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Parkinson’s Awareness Month

National Parkinson's FoundationRoughly one million Americans suffer from Parkinson’s, which is second to Alzheimer’s as the most prevalent neurodegenerative disease in the world. According to the Parkinson Foundation, Parkinson’s is a progressive disease that causes a gradual loss of the nerve cells in the brain that produce a neurotransmitter called dopamine. Dopamine carries signals to the parts of the brain that control movement and coordination. Decreased dopamine levels lead to tremors, slowness, and stiffness of the limbs. Parkinson’s tends to appear in people in their 60s, though symptoms may occur earlier. There is currently no known cause or prevention for this disease.

What to Do if You Suspect Parkinson’s

Some of the indicators of Parkinson’s include tremors when resting, decreased facial expressions, soft speech, dementia, stiffness of the limbs, and generalized slowness. If you suspect that you or a loved one may have Parkinson’s, the first step is to talk to a physician. Some of the symptoms of Parkinson’s mimic those of other conditions, so a neurological examination is needed to confirm the disease.

Coping with a Diagnosis

Being diagnosed with a chronic disease can be stressful and grief-inducing, not only for the patient, but also for family and friends. A good support team can be a great benefit in coping with the diagnosis. Ask questions and learn as much as you can about the disease and what you can do to lessen its effects. Therapy helps many faced with a chronic disease, so consider locating a qualified therapist. Support groups are another helpful option.

Educate

The National Parkinson’s Foundation offers a wide variety of educational materials about the disease, including a national helpline for callers to identify resources, locate support groups, and have questions answered by experts. They also offer online seminars, publications, and videos at their website.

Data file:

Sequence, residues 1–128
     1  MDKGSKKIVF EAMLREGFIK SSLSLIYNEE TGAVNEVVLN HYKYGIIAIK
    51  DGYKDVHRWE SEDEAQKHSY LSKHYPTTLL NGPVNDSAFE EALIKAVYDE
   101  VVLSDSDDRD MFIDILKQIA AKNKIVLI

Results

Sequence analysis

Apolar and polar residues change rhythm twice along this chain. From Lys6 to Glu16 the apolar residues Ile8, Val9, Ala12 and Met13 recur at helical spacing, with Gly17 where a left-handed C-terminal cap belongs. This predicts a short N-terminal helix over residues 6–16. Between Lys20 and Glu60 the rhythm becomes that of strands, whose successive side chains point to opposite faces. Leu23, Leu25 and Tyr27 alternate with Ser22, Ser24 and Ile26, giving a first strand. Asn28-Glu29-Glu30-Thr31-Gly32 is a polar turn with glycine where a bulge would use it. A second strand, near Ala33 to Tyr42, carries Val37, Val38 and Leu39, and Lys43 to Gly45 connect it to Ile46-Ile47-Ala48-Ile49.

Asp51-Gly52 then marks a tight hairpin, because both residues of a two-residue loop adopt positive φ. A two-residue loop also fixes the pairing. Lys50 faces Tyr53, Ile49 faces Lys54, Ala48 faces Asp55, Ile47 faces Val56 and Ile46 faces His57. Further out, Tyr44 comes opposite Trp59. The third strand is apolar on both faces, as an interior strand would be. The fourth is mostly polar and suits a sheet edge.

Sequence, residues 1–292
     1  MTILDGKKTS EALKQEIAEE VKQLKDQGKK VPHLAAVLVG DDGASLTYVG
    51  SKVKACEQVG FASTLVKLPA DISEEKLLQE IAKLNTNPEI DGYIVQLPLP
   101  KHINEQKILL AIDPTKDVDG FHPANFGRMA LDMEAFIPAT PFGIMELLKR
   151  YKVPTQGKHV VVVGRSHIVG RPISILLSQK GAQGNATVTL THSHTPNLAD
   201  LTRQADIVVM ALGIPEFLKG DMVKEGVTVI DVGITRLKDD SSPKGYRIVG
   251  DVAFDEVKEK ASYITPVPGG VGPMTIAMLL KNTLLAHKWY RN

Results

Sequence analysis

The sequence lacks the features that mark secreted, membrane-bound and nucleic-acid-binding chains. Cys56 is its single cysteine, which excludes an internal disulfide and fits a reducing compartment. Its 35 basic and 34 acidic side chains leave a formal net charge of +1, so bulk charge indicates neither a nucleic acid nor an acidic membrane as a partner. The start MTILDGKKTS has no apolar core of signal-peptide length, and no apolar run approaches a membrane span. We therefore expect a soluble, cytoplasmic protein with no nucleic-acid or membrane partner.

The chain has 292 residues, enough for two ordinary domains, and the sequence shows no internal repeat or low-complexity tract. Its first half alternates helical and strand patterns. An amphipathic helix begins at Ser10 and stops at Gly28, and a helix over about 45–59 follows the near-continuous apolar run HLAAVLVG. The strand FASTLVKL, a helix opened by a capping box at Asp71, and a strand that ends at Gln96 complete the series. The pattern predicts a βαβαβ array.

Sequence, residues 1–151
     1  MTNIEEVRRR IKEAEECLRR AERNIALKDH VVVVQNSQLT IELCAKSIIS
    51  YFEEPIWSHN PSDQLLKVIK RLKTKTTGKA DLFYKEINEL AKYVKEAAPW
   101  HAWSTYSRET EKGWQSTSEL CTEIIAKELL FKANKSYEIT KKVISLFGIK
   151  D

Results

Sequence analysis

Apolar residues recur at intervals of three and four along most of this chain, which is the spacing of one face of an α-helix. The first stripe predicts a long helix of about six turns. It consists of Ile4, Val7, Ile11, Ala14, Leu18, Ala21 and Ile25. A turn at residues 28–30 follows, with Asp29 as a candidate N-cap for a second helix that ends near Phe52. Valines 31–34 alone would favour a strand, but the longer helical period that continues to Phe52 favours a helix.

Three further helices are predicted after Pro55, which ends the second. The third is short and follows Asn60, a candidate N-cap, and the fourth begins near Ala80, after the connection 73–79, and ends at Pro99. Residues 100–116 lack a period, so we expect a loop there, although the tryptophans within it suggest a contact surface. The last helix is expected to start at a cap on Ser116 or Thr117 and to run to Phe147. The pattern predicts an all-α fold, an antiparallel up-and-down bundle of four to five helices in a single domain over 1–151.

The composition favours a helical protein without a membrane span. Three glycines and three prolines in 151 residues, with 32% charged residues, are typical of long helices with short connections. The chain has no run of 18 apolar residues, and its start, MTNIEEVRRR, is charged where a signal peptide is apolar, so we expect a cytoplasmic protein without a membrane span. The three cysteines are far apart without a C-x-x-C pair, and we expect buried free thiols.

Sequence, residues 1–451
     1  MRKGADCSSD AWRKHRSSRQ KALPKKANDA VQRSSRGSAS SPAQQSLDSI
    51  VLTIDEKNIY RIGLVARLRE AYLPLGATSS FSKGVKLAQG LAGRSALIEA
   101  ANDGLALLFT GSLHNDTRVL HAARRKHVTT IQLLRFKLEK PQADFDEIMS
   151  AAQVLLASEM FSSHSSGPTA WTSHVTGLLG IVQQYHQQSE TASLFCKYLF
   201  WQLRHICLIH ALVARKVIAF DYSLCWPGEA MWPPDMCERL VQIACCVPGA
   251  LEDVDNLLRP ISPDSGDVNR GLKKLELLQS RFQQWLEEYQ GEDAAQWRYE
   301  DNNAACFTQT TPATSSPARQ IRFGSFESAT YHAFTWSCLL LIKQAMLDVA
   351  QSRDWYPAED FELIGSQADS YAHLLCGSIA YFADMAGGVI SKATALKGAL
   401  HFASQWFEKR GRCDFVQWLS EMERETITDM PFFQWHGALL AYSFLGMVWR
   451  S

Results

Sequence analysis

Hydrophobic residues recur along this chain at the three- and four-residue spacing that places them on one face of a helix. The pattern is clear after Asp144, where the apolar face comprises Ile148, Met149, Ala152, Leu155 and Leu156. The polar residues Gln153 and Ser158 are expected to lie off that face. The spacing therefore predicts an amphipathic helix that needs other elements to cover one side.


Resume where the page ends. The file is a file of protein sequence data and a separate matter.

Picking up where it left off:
Walk Off Parkinson’s

Walk Off Parkinson’s is a free, family-friendly walk and fundraising program held to benefit the Parkinson Foundation of the National Capital Area. This year’s event is September 24, 2017 at Nationals Park in Washington, D.C.  More than 1,500 people are expected to attend the program, which includes educational lectures, “ask a therapist” sessions, exercise demonstrations, and a community walk that culminates with a victory lap on the field.

Support Groups

A support group can be very helpful for learning strategies for dealing with the effects of the disease. Support groups are available throughout the country. The Parkinson Foundation of the National Capital Area has a list of support groups in Maryland, Virginia, and the District of Columbia.

There are two support groups available in the Frederick area:

Frederick Group
3rd Wednesday Monthly at 1 PM
Mt. Pleasant Ruritan Club
8101 Crum Road
Walkersville, MD 21793
Contact: John Kraft, (301) 703-1194

Frederick Young Onset/Newly Diagnosed Support Group
Saturdays vary, 2:30 PM
Urbana Library
9020 Amelung Street
Frederick, MD 21704
Contact: Deb Bergstrom, dfbergstrom@comcasct.net or 301-712-5381

 

Additional Reading
National Parkinson Foundation: http://parkinsonfoundation.org
Parkinson’s Disease Foundation: http://www.pdf.org/
Parkinson Foundation of the National Capital Area: http://www.parkinsonfoundation.org/home/index.html

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